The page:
I was forced into updating my ancient Samsung R580 notebook from 15.04 to 15.10 today. I didn’t feel the need to update to 15.10 when it was released back in October because it had nothing new I wanted and I was more than satisfied with 15.04. I’d planned to stretch out my use of 15.04 until the next LTS, 16.04, is released in April.
That plan got knocked to the side of the road when I checked with Software Updating to get the latest fixes and updates and it displayed a message that 15.04 would not longer be updated, would I please step up to 15.10. Sort of reminded me of Microsoft’s entreaties to me to update from Windows 8.1 to Windows 10. So I updated the Samsung and everything updated and upgraded without a hitch.
I now have three key notebooks whose native OSes are, respectively, Linux, Mac OS X, and Windows. Because the R580 is as old as it is I’m now in the market for a used notebook that’s current enough to last another 5-10 years to replace the R580. The R580 is old enough that it was originally sold with Vista, then later upgraded to Windows 7. That Win7 install eventually ate itself up, at which point I replaced it with Ubuntu 13.10 right after Christmas 2013. Except for one very brief side track to Fedora/RHEL, it’s been on Ubuntu ever since.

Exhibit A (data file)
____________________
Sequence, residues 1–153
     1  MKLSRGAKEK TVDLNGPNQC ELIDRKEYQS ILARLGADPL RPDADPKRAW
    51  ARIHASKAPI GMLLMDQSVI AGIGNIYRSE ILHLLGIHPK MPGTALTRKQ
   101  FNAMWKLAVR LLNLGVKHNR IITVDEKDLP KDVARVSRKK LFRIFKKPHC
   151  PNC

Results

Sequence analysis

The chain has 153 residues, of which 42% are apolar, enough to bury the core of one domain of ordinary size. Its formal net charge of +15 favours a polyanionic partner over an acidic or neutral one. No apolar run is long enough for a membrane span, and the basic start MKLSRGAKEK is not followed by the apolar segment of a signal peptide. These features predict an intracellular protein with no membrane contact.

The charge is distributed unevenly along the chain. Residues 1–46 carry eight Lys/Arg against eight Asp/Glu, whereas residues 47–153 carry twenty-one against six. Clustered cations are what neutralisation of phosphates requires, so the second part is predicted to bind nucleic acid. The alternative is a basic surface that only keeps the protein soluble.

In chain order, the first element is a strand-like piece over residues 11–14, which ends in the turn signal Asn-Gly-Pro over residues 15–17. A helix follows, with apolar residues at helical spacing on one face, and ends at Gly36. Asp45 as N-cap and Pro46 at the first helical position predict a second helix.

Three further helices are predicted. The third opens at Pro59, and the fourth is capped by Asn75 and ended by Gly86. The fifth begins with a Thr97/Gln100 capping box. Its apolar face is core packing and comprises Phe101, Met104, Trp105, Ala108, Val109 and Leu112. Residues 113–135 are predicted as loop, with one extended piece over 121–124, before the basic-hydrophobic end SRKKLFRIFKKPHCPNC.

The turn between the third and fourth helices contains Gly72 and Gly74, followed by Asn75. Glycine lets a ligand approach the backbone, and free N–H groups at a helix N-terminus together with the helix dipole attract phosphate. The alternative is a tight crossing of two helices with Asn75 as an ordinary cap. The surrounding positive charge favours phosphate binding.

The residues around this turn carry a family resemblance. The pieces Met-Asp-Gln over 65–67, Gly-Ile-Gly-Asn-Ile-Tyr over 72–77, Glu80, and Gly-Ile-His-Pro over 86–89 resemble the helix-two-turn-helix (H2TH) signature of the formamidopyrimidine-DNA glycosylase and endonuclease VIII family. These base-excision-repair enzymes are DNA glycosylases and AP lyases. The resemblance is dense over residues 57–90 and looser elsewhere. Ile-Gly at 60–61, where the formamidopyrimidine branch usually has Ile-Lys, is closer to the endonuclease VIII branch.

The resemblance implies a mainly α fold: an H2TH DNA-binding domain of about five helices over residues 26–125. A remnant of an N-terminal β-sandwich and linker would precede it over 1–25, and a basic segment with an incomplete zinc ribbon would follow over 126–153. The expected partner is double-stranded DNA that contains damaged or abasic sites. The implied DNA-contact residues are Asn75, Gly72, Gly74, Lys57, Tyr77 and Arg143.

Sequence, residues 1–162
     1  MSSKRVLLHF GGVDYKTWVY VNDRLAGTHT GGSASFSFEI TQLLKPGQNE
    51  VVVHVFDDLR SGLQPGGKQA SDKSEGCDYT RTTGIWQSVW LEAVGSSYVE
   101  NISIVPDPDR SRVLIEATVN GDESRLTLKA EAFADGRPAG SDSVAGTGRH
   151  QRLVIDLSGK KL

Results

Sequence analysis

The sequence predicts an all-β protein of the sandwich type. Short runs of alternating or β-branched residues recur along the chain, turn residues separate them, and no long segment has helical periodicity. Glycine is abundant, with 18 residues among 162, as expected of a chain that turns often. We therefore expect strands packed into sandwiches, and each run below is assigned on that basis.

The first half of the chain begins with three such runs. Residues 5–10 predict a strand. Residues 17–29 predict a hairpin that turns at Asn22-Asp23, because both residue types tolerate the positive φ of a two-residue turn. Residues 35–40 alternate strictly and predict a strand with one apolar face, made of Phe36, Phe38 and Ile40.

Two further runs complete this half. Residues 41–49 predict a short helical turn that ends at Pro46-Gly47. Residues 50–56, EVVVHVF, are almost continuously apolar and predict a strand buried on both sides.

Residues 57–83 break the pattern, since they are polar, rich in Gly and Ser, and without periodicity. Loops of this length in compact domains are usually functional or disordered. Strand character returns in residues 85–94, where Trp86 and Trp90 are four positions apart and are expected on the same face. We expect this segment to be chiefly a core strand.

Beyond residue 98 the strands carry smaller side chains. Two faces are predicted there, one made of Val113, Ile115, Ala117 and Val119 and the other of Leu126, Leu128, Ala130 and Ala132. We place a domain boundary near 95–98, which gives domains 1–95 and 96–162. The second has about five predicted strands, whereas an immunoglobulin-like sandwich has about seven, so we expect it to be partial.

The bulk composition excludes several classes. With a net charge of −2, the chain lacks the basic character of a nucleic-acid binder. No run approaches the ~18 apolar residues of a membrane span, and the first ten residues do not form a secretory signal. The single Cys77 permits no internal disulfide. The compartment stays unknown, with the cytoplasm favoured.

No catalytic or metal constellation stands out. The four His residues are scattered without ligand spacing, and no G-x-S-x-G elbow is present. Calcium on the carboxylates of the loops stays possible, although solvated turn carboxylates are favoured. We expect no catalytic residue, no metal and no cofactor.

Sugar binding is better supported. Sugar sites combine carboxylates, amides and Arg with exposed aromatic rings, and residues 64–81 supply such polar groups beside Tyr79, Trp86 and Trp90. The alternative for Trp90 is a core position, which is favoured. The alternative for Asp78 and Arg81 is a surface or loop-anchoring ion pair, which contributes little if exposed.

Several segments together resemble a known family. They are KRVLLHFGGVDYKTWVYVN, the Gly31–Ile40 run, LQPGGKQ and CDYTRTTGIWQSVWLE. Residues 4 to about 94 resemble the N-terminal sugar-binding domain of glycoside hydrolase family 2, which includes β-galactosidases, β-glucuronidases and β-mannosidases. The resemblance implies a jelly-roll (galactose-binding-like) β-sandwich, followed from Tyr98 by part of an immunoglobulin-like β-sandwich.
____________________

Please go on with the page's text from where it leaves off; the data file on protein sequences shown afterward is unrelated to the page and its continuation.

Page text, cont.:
I’m not sure I’ll ever switch to Ubuntu the way Dan Gilmore did, but as soon as I get my finances back in order I intend to never spend as much on computers as I have in 2015. I have my strong business reasons for owning these three machines, but I don’t want to be dependent on any of them. But if I had to, I’d probably pick Ubuntu.
One thought on “updating ubuntu”
I’m working at IBM, but since “we” (my employers) outsourced most of their hardware to Lenovo et al, I’m not sure if the old Thinkpad tips are still as valid as they once were. Some of my colleagues who’ve got the lastest iterations *did* have some trouble with installing Linux on them, even with our pre-canned “Open Client” (which cannot be bought AFAIK, and I’m not sure if anyone would want it anyway).
If I could decide – at work I mean – I’d probably opt for a Dell XPS machine. I think they even have those with Ubuntu preinstalled, and the hardware seems to be rather good as well. My wife has a cheaper one from Dell, and it runs both Windows and Ubuntu (latest versions) without any glitch.
The way it is, I’ll have to take either a small and cute Thinkpad “Carbon”, or its Mac equivalent. Or if I do nothing, they will provide me with the latest (and very heavy) W-type “workstation” notebook. Heavy, but with 16GB and a SSD (the others are 8GB and SSD).
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